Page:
From about 1775 to nearly 1800 long-case clocks of exceptional form were sparingly made, but these, although very interesting to the clock student, are quite sporadic, illustrating or exemplifying no fashion, and are, therefore, somewhat out of place in an orderly progression of English clock fashions. Fig. 448, apparently a satinwood "balloon" bracket clock on a pedestal, is really a long-pendulum clock with a seconds dial. Figs. 197 and 198 are an interesting pair from the India Office, formerly in the East India Company's House. The one on the right is a long-pendulum clock, the one on the left (now inoperative) was formerly connected with a weather-vane on the roof, and showed the direction and force of the wind, the phases of the moon, etc. Both cases are veneered with Thuja wood, and the clocks are signed by the one maker, Ayns-worth Thwaites of Clerkenwell. The design of the cases exhibits, strongly, the influence of the school of Robert Adam.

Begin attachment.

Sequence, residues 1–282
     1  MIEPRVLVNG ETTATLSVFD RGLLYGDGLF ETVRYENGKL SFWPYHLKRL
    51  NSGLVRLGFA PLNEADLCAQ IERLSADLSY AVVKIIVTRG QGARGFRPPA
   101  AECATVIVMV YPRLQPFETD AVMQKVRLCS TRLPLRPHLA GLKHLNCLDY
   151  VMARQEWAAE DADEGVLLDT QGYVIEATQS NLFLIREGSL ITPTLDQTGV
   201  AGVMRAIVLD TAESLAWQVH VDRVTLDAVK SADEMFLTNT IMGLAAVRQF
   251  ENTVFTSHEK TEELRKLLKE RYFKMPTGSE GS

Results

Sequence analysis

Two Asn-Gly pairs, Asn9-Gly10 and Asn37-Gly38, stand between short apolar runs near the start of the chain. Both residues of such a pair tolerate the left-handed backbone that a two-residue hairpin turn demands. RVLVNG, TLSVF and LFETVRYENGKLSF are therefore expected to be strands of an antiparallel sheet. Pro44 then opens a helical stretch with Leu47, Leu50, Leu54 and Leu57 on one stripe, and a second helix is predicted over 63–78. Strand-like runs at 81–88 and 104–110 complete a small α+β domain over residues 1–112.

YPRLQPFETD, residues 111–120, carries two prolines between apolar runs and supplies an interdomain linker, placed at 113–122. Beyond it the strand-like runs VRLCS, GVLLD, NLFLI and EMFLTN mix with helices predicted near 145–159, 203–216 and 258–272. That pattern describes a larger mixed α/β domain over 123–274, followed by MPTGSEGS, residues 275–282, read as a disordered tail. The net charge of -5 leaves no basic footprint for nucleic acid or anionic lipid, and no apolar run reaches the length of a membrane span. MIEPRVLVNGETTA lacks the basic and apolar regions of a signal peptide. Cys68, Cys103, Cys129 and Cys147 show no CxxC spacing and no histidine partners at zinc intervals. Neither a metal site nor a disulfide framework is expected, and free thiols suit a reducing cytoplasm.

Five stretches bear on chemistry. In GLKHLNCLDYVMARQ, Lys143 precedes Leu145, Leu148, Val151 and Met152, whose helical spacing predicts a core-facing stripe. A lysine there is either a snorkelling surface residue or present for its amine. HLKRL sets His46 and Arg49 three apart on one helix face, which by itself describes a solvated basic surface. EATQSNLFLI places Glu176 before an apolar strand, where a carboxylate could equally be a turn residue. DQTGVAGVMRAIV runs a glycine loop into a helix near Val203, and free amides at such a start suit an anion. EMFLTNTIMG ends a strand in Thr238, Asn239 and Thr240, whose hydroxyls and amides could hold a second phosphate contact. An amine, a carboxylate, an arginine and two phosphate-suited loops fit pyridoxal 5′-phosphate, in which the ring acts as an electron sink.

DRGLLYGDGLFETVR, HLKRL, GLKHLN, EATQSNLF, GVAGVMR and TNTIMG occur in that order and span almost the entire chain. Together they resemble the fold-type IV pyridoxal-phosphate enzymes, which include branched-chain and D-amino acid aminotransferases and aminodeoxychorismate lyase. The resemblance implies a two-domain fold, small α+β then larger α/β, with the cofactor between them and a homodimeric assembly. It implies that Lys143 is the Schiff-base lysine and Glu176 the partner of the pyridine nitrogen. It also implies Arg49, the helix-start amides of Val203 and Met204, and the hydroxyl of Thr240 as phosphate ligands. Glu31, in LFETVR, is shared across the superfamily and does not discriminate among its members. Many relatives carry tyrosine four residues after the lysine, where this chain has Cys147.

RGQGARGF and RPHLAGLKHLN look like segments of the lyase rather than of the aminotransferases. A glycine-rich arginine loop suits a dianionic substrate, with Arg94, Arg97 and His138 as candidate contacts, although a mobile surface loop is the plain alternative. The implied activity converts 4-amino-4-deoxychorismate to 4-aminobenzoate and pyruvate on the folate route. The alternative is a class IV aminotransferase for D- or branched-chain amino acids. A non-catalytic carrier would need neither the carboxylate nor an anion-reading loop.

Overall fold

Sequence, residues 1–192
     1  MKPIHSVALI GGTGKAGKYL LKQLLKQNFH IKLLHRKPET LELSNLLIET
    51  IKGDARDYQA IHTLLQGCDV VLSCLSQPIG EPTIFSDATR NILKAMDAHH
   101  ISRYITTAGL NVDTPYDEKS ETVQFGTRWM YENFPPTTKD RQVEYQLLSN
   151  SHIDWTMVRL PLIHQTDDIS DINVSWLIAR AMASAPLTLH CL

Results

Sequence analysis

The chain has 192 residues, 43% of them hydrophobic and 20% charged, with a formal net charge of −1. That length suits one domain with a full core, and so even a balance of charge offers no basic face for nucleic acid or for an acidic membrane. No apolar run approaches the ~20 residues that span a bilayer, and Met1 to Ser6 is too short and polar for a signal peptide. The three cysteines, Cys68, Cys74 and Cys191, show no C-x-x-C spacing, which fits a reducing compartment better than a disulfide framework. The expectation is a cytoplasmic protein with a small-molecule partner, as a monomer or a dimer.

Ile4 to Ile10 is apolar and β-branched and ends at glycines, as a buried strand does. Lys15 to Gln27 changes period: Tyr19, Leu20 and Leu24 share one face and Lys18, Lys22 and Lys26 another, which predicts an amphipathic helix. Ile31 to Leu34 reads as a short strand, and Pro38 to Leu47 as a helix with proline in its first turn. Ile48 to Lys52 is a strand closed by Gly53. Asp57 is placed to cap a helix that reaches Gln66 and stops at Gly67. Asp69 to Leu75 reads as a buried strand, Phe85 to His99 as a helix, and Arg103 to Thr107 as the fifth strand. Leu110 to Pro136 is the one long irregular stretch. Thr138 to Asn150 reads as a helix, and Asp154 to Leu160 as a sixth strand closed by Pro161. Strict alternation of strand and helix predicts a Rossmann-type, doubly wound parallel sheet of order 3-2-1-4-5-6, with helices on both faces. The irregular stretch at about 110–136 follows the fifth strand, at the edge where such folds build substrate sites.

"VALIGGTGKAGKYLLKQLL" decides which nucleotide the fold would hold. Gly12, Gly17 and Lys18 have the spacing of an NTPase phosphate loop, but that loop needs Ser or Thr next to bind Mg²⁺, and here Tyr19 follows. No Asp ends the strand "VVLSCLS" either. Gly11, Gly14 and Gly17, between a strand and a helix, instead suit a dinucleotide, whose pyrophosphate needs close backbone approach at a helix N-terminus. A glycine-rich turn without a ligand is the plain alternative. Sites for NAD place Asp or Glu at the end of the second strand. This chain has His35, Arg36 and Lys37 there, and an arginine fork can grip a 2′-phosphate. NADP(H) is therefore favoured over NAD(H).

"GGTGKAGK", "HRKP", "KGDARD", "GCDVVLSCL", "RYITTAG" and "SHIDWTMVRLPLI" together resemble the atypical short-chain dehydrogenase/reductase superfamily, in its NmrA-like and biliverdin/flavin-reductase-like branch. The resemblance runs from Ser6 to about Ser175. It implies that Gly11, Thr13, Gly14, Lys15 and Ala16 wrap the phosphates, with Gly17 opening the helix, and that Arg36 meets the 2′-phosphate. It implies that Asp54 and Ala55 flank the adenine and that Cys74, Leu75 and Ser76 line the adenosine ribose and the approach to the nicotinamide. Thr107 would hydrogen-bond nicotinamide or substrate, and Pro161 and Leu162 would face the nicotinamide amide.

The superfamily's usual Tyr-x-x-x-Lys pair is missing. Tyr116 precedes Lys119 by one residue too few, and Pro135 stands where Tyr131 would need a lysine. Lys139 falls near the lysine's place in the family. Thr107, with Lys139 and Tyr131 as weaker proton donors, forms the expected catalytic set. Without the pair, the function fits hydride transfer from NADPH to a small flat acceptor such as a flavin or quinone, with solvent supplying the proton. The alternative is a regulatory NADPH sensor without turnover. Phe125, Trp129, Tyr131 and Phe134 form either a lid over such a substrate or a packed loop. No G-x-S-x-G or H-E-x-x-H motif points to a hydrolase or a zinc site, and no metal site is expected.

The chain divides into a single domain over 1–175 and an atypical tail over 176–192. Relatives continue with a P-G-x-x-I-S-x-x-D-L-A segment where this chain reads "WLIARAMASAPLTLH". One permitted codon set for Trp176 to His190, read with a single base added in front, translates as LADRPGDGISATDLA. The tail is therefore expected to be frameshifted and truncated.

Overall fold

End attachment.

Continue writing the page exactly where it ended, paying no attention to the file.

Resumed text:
The El Dorado of the clock collector is the Chippendale long-case, that is, one in style similar to the examples illustrated in Chippendale's" Gentleman and Cabinet makers' Director," not of the usual type which is often loosely styled "Chippendale." Mr. Wetherfield has one, an apparently unique clock by John Holmes, illustrated here in Fig. 451, of date about 1765-70, in a mahogany case, the design of which is strongly reminiscent of Thomas Chippendale. The "Director" designs are irrational and absurd, and could not have been made as they were designed, but this clock is just what one would expect from one of these patterns in the hands of a practical and cultured clock-case maker. Fig. 452 shows what is usually described as a " Chippendale " clock; it is of a type which was made, in numbers, in Lancashire during the late eighteenth century.
Fig. 469. The Inverted-Bell Type Of Case. - 1730-40